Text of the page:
A few old salts on the Cape Town docks were knocked of their bollards when fishing conglomerate successfully appealed a judgement by the competition authorities that imposed unworkable (and unviable) conditions on the proposed acquisition of Foodcorp’s fishing assets. On December 19 Oceana confirmed a decision by the Competition Appeal Court to uphold the company’s appeal. This effectively confirmed Oceana’s entitlement to include the pelagic fishing rights in its proposed acquisition of Foodcorp’s fishing assets.
The development was most surprising. Between July and late November most fishing industry pundits would have bet confidently that Oceana would not win the right to snag the valuable pelagic rights, and many were already speculating who the ‘replacement’ buyer for these assets might be.
Oceana acquiring Foodcorp’s fishing business – most notably the business of catching, processing and selling deep-sea trawl hake, south coast lobster and pelagic fish. The only portion excluded from the acquisition is Foodcorp’s west coast lobster and hake long-line fishing rights. Foodcorp’s Glenryck canned pilchards brand was sold to industrial conglomerate Bidvest, which holds a variety of fishing operations in Namibia.
Oceana CEO Francois Kuttel said that in the absence of securing the pelagic fishing rights, the company could have not gone ahead with the deal. He explained that the pelagic fishing rights were a commercial imperative for the acquisition to proceed.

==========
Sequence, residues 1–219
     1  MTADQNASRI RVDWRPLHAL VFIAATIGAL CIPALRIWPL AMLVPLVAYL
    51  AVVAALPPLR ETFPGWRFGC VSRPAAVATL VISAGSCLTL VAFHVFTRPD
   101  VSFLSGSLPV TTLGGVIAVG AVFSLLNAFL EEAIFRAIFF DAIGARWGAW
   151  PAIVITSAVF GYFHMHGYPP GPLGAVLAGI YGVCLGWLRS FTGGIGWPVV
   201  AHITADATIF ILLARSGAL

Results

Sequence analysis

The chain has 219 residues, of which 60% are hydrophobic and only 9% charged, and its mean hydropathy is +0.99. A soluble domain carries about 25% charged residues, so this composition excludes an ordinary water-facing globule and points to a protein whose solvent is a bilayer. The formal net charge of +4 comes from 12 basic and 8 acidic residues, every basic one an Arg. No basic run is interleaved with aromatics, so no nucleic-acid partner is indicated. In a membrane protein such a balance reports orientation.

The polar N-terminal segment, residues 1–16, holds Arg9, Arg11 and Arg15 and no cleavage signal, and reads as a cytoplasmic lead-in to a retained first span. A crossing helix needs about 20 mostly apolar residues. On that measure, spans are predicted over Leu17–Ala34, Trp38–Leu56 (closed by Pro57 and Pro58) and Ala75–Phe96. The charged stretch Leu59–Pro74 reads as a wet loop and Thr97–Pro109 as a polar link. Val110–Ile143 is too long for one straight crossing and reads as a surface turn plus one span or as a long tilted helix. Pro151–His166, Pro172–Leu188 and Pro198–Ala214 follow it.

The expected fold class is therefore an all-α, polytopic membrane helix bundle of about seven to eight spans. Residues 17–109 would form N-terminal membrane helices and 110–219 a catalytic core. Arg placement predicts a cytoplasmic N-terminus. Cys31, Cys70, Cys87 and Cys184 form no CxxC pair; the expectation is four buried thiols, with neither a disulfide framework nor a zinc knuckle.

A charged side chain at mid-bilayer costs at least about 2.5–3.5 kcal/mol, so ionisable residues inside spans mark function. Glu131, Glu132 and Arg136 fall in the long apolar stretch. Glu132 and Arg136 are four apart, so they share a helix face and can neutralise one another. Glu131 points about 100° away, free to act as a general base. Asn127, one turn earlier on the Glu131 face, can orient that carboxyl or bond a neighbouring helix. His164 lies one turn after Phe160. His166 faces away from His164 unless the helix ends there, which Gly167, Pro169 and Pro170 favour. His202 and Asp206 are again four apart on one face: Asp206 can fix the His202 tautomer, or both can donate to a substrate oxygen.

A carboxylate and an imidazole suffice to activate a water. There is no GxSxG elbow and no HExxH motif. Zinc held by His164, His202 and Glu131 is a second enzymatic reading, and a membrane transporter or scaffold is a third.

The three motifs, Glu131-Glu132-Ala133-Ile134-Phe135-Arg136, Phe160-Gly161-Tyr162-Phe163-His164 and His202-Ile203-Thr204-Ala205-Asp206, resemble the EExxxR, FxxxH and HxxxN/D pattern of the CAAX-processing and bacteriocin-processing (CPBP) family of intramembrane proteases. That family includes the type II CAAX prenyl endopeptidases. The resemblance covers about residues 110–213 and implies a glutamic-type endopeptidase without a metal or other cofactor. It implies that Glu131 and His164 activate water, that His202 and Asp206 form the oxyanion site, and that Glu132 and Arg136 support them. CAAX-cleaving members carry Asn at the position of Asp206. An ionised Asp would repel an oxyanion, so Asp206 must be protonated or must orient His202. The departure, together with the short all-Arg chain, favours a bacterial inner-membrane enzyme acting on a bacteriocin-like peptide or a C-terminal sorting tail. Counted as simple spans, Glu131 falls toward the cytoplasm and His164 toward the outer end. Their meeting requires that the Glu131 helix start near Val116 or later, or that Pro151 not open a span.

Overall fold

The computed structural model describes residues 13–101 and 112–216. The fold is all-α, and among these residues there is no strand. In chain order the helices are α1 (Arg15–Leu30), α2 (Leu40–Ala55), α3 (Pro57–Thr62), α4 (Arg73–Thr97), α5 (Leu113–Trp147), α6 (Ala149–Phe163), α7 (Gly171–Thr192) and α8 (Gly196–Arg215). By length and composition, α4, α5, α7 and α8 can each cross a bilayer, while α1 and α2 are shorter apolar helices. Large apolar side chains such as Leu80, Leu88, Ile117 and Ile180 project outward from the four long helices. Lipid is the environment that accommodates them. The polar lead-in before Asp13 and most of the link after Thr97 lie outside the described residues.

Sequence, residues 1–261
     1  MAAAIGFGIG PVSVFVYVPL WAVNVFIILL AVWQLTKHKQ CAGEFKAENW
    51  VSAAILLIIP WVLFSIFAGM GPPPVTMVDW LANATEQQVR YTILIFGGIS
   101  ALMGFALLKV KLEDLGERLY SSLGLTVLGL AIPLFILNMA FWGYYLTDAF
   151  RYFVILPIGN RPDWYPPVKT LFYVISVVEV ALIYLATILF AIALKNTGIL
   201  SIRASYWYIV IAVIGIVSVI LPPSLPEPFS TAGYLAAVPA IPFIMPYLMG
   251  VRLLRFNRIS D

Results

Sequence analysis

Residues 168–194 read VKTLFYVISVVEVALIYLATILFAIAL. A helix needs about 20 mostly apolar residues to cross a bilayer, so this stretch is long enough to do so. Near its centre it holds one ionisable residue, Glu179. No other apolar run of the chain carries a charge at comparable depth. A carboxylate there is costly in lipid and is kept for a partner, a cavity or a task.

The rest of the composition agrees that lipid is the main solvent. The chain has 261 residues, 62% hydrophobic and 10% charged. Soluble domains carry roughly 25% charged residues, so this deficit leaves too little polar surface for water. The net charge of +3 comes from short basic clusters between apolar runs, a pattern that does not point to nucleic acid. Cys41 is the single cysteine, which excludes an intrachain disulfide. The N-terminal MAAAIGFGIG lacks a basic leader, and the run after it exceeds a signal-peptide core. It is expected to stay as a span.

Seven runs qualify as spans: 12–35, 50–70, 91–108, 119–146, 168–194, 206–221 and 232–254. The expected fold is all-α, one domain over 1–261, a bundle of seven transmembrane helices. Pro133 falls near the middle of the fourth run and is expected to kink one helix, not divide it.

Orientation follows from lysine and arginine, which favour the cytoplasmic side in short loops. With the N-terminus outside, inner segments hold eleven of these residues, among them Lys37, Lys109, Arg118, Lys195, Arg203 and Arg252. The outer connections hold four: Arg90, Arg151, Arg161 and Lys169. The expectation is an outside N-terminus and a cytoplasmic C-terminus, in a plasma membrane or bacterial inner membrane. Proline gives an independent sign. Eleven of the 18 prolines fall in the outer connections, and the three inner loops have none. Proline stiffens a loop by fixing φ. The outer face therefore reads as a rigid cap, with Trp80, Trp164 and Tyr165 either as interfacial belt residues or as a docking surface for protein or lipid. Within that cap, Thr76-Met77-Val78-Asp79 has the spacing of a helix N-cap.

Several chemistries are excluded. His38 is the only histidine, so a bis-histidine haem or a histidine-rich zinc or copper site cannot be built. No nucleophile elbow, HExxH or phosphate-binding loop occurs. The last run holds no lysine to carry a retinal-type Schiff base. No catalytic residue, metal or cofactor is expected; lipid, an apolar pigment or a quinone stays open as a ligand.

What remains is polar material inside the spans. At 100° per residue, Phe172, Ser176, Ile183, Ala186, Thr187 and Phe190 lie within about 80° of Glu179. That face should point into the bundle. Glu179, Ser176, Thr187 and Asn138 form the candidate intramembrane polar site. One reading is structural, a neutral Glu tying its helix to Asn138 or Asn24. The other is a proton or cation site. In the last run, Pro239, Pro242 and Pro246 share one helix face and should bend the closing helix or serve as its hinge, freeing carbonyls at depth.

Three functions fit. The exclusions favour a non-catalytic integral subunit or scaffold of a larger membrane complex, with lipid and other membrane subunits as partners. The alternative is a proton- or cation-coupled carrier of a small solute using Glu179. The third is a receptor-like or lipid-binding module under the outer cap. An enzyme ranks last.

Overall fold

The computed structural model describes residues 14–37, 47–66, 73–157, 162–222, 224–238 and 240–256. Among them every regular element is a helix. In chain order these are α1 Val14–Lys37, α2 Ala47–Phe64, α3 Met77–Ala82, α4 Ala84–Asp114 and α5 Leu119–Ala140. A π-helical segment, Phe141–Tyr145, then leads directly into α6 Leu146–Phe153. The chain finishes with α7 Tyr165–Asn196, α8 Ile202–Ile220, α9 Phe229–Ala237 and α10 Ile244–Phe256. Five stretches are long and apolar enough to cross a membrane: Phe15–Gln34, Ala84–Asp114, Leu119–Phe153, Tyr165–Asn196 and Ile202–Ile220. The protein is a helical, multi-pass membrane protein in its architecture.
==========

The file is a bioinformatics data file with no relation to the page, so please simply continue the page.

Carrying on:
Oceana owns the bestselling Lucky Star canned pilchard brand, and has in recent years resorted to importing a substantial portion of pilchard stocks to fulfil canning capacity. Essentially the R400m deal involves Kuttel said over half of Oceana’s canned pilchards were currently imported from 12 canneries that the company had established internationally.
“We now want to look at replacing some of these imports by using Foodcorp’s pelagic fishing rights.”
He stressed that Oceana had argued from the start that it was best placed to secure Foodcorp’s long-term future.
“This has been a very long and arduous process. What is critical is the sense of security and certainty this now brings to the approximately 1,000 employees of Foodcorp. They have been in a state of limbo since the process first started, which must have been very unsettling for them.”
The importance of the Foodcorp deal is underlined by recent strong moves in Oceana’s share price on the JSE. In mid-October Oceana held a market value of R7,8bn, but at the time of writing this had grown to over R13bn.